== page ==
Grant Wood’s 1930 painting “American Gothic” triggers 21st century versions

Question: How good is America”american gothic“, Grant Wood’s 1930 painting of a stern-faced Iowa farmer wielding a pitchfork standing next to his anxious-looking daughter?

An Essay in Hyperallergic Magazine by a Culture Writer Sarah Rose Sharp raises my question. She points to several contemporary takeoffs of painting, saying they are “in pursuit of the representation of the real america.”

The good old days?

If “American Gothic” is a symbol of our identity as Sharp thinks, then poor, poor America. Wood’s pinched-faced portrait of the farmer and his daughter is as dark as Van Gogh’s dark”potato eaters stands as a hearty picnic in comparison.

“American Gothic” is also scary. The girl is visibly scared. And who wouldn’t stand next to a a sullen man with a pitchfork?

Why DrinkThe painting of is so popular is beyond my comprehension. But again, I don’t understand why mona-lisa gets so much attention either, so you can’t pass by me.

One of the works that Sharp cited as an example of the flight of “American Gothic” is by Nathan Sawayaknown for using Lego bricks to form pictures.

In his block interpretation of “american gothic“, Sawaya says he used 8,000 lego bricks to create the figures. As far as I’m concerned, the blocky look perfectly tells the true story of Wood’s painting – rigid and unyielding.

“I wanted to capture the stern looks in my portrayal,” Sawaya Told Sharp.

His Lego interpretation takes up the forbidding look of Wood’s painting. You imagine the farmer saying to everyone who comes, “If you don’t leave my land, I’m going to stab you with my pitchfork.”

And with that menacing look, the farmer seems to be insinuating that his midwestarms is the real America, and anywhere else – all those big cities with their urban liberalism – are foreign countries.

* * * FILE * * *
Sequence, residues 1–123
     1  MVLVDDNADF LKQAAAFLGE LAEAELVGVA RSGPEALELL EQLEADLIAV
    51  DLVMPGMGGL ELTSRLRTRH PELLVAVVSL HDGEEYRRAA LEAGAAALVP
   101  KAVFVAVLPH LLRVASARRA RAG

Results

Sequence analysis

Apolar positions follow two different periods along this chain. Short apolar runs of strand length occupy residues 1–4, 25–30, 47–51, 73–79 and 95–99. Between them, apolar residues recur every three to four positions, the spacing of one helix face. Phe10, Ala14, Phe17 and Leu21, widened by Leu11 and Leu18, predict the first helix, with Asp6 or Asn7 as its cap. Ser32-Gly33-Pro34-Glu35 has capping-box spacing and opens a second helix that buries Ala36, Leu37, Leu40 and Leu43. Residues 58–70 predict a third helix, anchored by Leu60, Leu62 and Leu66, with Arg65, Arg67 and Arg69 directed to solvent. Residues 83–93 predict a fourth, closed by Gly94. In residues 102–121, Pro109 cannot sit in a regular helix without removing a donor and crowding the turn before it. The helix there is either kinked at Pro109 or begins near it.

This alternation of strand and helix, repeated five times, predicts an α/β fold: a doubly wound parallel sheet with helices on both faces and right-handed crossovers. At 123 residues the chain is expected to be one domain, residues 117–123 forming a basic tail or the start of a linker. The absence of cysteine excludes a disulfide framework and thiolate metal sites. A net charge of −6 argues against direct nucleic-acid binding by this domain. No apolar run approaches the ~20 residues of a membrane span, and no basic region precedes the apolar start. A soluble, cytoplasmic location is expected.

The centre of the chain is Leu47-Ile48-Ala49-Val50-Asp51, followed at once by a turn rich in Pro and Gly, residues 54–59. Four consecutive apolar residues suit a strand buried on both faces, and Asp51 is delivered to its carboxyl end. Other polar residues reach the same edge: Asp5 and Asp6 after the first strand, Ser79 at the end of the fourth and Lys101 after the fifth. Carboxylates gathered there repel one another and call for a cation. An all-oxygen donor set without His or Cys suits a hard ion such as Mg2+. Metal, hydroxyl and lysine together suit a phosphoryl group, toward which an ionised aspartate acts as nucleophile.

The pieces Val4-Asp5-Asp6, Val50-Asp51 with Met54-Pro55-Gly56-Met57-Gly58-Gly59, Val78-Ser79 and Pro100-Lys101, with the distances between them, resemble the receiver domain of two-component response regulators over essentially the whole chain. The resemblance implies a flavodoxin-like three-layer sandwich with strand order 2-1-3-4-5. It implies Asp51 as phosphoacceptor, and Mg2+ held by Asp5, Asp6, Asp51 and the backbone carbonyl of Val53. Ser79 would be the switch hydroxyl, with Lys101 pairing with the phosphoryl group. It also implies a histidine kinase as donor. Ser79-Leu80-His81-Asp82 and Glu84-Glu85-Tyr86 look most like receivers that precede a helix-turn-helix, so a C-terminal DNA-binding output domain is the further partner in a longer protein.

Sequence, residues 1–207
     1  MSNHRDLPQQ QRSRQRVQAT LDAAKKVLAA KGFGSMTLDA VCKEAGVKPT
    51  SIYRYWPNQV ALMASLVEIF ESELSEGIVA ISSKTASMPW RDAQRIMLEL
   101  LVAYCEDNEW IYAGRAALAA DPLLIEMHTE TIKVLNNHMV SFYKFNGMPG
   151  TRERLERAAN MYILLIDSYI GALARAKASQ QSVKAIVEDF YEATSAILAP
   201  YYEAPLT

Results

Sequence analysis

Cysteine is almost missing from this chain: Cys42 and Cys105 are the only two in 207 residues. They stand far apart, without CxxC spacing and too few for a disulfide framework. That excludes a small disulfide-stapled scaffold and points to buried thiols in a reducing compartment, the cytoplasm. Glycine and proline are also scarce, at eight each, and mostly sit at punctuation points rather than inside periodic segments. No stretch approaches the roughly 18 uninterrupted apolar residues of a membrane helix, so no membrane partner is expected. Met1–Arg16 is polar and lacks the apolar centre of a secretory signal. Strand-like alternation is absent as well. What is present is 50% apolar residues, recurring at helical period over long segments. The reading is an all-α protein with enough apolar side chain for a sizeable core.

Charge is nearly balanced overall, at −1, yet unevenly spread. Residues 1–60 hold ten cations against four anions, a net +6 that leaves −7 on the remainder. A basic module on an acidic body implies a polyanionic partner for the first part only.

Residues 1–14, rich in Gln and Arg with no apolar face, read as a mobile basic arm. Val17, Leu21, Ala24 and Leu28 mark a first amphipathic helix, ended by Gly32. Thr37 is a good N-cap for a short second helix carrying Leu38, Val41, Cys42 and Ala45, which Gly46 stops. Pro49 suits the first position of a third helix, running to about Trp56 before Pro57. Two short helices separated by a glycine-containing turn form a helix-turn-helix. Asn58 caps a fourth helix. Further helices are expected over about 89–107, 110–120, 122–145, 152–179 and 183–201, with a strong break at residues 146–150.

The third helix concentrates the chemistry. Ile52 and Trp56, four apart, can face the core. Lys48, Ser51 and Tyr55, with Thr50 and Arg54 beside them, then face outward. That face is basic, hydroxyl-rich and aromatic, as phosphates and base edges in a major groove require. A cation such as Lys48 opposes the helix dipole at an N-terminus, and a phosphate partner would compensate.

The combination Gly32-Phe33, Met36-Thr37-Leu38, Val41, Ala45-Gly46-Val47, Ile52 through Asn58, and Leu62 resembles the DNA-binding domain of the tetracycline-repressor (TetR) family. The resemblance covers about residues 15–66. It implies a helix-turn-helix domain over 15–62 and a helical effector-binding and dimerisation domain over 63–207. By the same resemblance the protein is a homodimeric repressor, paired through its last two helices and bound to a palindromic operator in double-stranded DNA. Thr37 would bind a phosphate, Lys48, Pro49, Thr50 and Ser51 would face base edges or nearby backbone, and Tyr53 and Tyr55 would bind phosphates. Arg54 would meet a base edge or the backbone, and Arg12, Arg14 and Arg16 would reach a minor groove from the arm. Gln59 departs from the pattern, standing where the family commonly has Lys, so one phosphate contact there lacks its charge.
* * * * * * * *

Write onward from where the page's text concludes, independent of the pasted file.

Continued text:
It is worth considering the second word in the title of Wood’s image – “Gothic” – a architectural style out of the Middle Ages, marked by the semicircular windows of the farmhouse behind the figures.

medieval redux

But just as Wood’s vision of America is a puzzle, his reference to Gothic. The style was born out of an attempt to form a pretty image in brutal times.

Consider the Very Gothic Notre-Dame cathedral which cast a spell of romance and ancient days when knights slayed dragons. Think about by Victor Hugo “The hunchback of Notre-Dame de Paris.” Gothic architecture offered fairy tales to people who needed to escape harshness middle ages.

Did Wood tell us that his painting, made when the Great Depression brought down America, was this the portrait of firmness in the face of adversity?

Or is it a satire ridiculing the rigidity of small town life? A satire is like British art criticism Robert Hughes saw Wood’s chart. In his 1997 book “American Vision: The Epic of American Art Historywhen he asked this question:

“Been Drink making fun… of the people of Iowa and their fetishized values ​​of sobriety, moral vigilance, patriarchyand the rest?

Or was he… praising these virtues? »

Hughes decided that both answers were true, stating that Drink probably couldn’t decide. I’m not that ambivalent. The fact that he named his painting after the architectural style created expressly to relieve the misery of the Middle Ages with the appearance of fairytale castles tells you his intention.

Admittedly, there is Nope flying buttressesextravagant tracery or stained glass, the stuff of fairy tale castles that characterizes Gothic architecture. The style is also called pointed architecture, and that’s what you get on the farm.

It’s also hard to ignore the wary eyes of the daughter, the piercing eyes of her father and, well, his forbidden crotch – hardly the appearance of an ideal America. I suppose that DrinkThe photo of is a parody. Intervene if you wish.


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